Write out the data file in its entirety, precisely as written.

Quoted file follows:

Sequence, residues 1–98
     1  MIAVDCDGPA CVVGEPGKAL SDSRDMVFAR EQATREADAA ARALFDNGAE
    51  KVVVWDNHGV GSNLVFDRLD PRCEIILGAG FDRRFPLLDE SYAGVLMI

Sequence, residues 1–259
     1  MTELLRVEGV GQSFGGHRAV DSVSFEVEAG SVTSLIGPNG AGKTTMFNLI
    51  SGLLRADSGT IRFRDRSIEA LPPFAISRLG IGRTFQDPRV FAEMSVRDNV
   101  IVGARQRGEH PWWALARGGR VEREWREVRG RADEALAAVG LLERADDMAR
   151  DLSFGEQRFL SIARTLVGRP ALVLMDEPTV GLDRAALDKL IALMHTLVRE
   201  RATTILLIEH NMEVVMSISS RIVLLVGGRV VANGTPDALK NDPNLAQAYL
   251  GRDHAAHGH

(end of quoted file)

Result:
Sequence, residues 1–98
     1  MIAVDCDGPA CVVGEPGKAL SDSRDMVFAR EQATREADAA ARALFDNGAE
    51  KVVVWDNHGV GSNLVFDRLD PRCEIILGAG FDRRFPLLDE SYAGVLMI

Sequence, residues 1–259
     1  MTELLRVEGV GQSFGGHRAV DSVSFEVEAG SVTSLIGPNG AGKTTMFNLI
    51  SGLLRADSGT IRFRDRSIEA LPPFAISRLG IGRTFQDPRV FAEMSVRDNV
   101  IVGARQRGEH PWWALARGGR VEREWREVRG RADEALAAVG LLERADDMAR
   151  DLSFGEQRFL SIARTLVGRP ALVLMDEPTV GLDRAALDKL IALMHTLVRE
   201  RATTILLIEH NMEVVMSISS RIVLLVGGRV VANGTPDALK NDPNLAQAYL
   251  GRDHAAHGH